When you’re in an open space with a group of strangers, a party for instance, and there is a pause in the conversation it is referred to as an “awkward silence.” When you get on an elevator everyone is quiet and usually staring down at the floor (or their phone). Any sound on an elevator is awkward and typically uncomfortable for most people. This dichotomy has always puzzled me. Why is silence preferred in one awkward situation and frowned upon in another?
I am introverted by nature and not usually the boisterous one who will jump into small talk with any old stranger. However, for some reason I find it extremely entertaining to be the one who causes awkward stress on elevators. It’s as if my alter ego knows the pain of speaking out will last only a few minutes – the length of time until everyone on the elevator exits and parts to go their separate ways.
So how does this manifest itself? Most of the time my attempts to discomfort people are humorous in nature. A few examples:
Stranger: “I see you on the elevator almost every day. What do you do for a living?”
Me: “I am a professional clown fighter. I know 43 ways to kill a clown.”
Goofy woman in all yellow dress enters elevator. She “accidentally” hits 4 floors of buttons between us and the lobby.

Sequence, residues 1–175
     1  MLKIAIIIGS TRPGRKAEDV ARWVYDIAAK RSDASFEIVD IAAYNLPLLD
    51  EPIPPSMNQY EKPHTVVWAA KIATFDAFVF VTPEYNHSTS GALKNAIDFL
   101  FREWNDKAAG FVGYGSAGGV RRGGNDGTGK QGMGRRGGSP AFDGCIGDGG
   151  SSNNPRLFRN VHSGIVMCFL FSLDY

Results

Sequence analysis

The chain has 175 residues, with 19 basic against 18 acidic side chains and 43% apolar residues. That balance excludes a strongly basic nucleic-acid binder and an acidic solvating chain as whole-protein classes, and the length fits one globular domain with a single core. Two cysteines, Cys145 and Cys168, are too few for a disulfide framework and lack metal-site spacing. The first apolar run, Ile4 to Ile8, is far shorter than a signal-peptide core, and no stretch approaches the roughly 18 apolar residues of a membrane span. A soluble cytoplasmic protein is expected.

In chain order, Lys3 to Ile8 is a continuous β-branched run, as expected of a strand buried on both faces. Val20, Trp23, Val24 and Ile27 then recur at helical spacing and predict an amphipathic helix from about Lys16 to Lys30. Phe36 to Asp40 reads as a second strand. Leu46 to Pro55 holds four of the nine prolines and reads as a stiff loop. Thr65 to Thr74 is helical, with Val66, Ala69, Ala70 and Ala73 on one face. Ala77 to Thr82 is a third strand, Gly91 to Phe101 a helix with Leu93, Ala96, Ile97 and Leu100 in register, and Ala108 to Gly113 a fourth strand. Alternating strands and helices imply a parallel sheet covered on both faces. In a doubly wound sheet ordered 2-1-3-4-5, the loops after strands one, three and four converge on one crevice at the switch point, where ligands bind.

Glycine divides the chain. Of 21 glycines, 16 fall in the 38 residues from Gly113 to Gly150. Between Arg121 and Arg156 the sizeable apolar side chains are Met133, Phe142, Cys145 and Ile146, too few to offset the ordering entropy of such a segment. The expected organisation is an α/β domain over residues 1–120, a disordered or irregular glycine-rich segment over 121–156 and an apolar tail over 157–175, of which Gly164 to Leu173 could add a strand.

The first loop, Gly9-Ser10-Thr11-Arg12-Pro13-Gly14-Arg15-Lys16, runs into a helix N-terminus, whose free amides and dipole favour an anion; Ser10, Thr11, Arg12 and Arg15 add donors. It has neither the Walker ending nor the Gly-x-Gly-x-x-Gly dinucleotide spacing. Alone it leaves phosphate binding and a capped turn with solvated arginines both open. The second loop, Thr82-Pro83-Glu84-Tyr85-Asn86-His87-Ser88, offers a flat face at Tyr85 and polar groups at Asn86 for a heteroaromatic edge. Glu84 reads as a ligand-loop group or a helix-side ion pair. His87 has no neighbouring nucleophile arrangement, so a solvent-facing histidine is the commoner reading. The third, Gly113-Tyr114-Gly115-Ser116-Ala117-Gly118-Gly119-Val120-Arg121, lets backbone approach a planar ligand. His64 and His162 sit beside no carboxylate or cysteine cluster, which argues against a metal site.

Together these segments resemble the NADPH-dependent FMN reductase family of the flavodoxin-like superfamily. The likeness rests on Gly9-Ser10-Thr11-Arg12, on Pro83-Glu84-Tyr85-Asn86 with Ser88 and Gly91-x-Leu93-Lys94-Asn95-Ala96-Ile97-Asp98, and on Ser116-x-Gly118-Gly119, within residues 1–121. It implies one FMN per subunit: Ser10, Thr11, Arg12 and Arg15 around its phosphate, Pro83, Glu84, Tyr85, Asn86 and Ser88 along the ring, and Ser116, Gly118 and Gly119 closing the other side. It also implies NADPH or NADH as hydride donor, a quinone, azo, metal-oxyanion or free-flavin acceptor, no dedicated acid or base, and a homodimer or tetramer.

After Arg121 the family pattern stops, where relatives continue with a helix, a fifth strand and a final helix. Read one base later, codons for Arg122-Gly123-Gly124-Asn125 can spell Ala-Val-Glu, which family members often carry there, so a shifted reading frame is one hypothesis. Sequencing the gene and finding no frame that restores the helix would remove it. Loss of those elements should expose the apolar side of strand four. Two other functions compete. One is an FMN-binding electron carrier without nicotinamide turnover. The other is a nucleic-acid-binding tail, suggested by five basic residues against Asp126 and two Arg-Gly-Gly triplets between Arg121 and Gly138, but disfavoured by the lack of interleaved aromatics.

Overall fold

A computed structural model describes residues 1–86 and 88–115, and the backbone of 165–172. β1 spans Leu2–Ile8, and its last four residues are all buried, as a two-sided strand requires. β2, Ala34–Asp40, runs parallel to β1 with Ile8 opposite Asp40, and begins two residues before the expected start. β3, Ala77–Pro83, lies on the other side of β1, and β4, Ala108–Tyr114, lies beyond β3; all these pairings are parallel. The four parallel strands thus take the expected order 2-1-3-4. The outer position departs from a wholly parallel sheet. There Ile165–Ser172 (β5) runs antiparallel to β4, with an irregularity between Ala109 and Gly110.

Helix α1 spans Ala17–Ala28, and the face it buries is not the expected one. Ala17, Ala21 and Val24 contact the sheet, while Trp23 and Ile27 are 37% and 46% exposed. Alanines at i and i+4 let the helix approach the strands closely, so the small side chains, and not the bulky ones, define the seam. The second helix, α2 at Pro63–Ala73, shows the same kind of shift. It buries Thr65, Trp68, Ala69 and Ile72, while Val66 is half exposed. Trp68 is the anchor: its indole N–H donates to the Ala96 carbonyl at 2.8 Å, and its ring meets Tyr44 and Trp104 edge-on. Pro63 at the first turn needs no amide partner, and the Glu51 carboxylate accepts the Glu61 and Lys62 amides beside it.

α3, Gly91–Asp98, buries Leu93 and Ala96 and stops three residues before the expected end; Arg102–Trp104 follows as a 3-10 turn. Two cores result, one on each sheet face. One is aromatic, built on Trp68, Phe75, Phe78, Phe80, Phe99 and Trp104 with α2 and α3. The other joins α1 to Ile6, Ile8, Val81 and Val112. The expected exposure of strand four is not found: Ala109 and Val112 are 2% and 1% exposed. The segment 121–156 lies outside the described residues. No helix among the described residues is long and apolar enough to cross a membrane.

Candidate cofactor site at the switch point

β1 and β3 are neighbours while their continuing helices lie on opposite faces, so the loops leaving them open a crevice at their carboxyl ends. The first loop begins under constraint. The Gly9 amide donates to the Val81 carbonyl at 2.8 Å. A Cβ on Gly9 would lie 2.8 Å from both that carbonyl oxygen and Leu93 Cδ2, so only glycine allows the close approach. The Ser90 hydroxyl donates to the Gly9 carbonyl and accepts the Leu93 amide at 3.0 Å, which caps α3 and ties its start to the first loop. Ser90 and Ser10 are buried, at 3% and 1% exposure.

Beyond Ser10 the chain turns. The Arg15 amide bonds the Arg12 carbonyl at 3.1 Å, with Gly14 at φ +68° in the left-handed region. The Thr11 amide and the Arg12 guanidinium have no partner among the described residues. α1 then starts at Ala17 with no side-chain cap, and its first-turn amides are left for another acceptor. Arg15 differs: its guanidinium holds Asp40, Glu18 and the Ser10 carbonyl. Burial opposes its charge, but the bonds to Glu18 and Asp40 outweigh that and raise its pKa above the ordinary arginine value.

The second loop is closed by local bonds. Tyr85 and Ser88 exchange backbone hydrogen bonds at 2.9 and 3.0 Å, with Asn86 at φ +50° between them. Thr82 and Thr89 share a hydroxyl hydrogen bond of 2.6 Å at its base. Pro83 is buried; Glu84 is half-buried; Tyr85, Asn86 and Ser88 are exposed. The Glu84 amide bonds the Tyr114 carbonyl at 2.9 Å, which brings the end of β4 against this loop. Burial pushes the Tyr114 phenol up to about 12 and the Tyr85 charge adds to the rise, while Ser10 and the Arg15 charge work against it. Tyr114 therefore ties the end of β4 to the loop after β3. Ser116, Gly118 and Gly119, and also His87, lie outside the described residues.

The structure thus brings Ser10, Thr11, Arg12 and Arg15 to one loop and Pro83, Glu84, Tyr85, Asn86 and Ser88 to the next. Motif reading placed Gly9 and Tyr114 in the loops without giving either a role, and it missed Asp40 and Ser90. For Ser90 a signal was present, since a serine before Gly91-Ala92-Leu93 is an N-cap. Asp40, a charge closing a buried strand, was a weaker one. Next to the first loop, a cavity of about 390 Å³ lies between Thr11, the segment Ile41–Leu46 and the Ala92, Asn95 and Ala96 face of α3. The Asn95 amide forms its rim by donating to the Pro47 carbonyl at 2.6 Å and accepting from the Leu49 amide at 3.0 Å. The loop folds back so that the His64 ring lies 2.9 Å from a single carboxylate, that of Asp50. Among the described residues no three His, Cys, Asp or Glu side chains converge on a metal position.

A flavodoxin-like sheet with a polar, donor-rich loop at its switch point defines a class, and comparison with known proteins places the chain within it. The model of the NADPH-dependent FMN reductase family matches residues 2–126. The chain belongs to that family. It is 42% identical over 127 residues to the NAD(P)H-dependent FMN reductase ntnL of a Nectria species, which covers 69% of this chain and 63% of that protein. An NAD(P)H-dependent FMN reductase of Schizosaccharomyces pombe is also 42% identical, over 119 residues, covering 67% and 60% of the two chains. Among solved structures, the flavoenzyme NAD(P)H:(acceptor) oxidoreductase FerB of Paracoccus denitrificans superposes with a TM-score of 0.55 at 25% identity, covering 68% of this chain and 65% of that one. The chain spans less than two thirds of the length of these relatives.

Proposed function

Goofy Woman: “Oh! I’m so sorry. Please don’t kill me.”
Me: “I only kill people I am going to eat, and I don’t like bananas.”
Woman enters elevator wearing Michigan State T-Shirt. She turns around and the back reads “Today is game day at Michigan State”
Me: “Who are they playing?”
Me: “No, who?”
Me: “Second Base”
Other times I intentionally try to creep people out by appearing serious.
In a very crowded, full elevator…
Me: “I bet you’re all wondering why I’ve gathered you here today?”
Ever notice how no one wants to make eye contact on the elevator?
When I am the last to get on an elevator and it is packed I like to stand with my back to the doors and look at everyone…and see how many I can make eye contact with. Sometimes, if ones looks up and sees me, I will put my finger to my mouth in the common “shhhhh” motion.
Once again, crowded elevator, everyone looking at ground or staring at phone.
I pickup my phone and act like I am speaking to someone.
Me: “No! The doctor says it’s not contagious unless you are within a couple of feet of me.”
And that, my friends is how an introvert entertains himself. Truth be told, many times we all end up laughing and acknowledging the awkwardness of it all. There are, however, a few folks who will avoid getting on the elevator with me at the office.
If you’re curious and want to hear about more of these always unplanned incidents I share them on my weekly newsletter – under the heading “Jeff’s Fun on Elevators“.
2 thoughts on “To speak or not to speak?”
I love it!!! This is so awesome! Thanks for the smile and lightheartedness.
Thanks Katie. Always nice to share a laugh.